Hepatocyte growth factor activator inhibitor type 1 inhibits protease activity and proteolytic activation of human airway trypsin-like protease.
ABSTRACT Hepatocyte growth factor activator inhibitor type 1 (HAI-1) is a Kunitz-type transmembrane serine protease inhibitor initially identified as a potent inhibitor of hepatocyte growth factor activator (HGFA), a serine protease that converts pro-HGF to the active form. HAI-1 also has inhibitory activity against serine proteases such as matriptase, hepsin and prostasin. In this study, we examined effects of HAI-1 on the protease activity and proteolytic activation of human airway trypsin-like protease (HAT), a transmembrane serine protease that is expressed mainly in bronchial epithelial cells. A soluble form of HAI-1 inhibited the protease activity of HAT in vitro. HAT was proteolytically activated in cultured mammalian cells transfected with its expression vector, and a soluble form of active HAT was released into the conditioned medium. The proteolytic activation of HAT required its own serine protease activity. Co-expression of the transmembrane full-length HAI-1 inhibited the proteolytic activation of HAT. In addition, full-length HAI-1 associated with the transmembrane full-length HAT in co-expressing cells. Like other target proteases of HAI-1, HAT converted pro-HGF to the active form in vitro. These results suggest that HAI-1 functions as a physiological regulator of HAT by inhibiting its protease activity and proteolytic activation in airway epithelium.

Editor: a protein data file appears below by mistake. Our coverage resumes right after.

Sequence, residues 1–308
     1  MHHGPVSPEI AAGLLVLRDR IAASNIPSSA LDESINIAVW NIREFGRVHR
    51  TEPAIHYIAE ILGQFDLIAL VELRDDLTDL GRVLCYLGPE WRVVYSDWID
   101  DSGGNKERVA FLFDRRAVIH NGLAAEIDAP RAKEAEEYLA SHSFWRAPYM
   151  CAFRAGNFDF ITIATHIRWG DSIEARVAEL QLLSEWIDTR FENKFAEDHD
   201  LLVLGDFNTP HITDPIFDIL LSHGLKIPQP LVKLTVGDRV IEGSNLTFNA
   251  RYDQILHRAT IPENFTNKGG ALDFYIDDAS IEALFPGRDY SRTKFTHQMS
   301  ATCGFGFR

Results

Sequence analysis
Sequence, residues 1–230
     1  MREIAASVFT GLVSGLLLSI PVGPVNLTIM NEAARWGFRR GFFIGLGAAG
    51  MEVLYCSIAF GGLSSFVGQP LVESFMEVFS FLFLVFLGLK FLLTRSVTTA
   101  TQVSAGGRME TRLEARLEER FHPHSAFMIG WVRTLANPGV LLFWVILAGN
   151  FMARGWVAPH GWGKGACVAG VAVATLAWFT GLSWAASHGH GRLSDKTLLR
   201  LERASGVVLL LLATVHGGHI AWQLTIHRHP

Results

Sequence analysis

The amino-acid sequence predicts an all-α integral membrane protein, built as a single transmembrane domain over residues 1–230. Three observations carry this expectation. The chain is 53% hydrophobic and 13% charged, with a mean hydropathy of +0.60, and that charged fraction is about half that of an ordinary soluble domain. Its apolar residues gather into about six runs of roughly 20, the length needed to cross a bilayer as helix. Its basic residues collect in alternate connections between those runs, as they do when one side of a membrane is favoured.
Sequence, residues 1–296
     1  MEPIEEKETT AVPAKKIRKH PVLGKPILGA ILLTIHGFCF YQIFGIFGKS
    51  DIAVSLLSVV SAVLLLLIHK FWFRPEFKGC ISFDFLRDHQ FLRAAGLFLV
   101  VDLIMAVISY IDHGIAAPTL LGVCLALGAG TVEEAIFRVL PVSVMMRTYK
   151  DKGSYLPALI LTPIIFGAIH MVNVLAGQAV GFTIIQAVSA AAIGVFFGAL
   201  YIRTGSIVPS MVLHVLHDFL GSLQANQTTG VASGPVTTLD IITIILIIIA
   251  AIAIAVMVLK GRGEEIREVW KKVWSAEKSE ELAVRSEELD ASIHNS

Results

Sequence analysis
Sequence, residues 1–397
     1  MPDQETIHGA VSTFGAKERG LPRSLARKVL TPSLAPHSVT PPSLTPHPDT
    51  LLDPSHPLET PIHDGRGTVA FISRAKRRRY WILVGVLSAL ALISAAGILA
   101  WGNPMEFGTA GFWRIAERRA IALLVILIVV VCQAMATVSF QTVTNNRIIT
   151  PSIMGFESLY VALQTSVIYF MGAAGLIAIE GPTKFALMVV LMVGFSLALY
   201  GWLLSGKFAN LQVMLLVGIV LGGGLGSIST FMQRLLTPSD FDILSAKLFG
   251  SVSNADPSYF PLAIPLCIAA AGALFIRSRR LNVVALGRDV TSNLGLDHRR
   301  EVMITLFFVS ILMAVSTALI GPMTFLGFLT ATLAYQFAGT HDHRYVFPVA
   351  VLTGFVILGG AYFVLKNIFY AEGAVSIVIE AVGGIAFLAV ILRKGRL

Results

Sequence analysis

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ABSTRACT: Hepatocyte growth factor activator inhibitor type 1 (HAI-1) is a membrane-bound serine protease inhibitor that is expressed on the surface of epithelial and carcinoma cells. On the cell surface, HAI-1 regulates membrane-anchored serine proteases with matriptase being the most critical target. Matriptase is involved in pericellular processing of biologically active molecules, including protease-activated receptor-2 (PAR-2). Previously we reported that S2-CP8 cells, a metastatic variant of the SUIT-2 human pancreatic adenocarcinoma cell line, showed markedly decreased HAI-1 expression. To assess the significance of HAI-1 loss in invasion and spontaneous metastasis of S2-CP8 cells, we established stable S2-CP8 sublines that expressed HAI-1 under the control of a tetracycline-regulated promoter. In vitro migration and Matrigel invasion assays revealed inhibitory effects of HAI-1 on S2-CP8 cell migration and invasion. Matriptase activity was suppressed by the expression of HAI-1. As the enhanced invasiveness in the absence of HAI-1was alleviated by knockdown of matriptase by 81% and of PAR-2 completely and PAR-2 antagonist also suppressed the invasion, matriptase-mediated PAR-2 activation is involved in HAI-1 loss-induced invasion of S2-CP8 cells. We then analyzed the effect of HAI-1 expression on metastasis of S2-CP8 cells in vivo using a nude mouse orthotopic xenograft model. Although about 50% of control mice developed distant metastasis, mice treated with doxycycline to induce HAI-1 expression did not develop metastasis. These data indicate that HAI-1 loss contributes to invasion and dissemination of a highly metastatic subline of SUIT-2, suggesting crucial roles for the balance of pericellular serine proteases/inhibitors in pancreatic cancer progression. This article is protected by copyright. All rights reserved.Cancer Science 10/2013; · 3.48 Impact Factor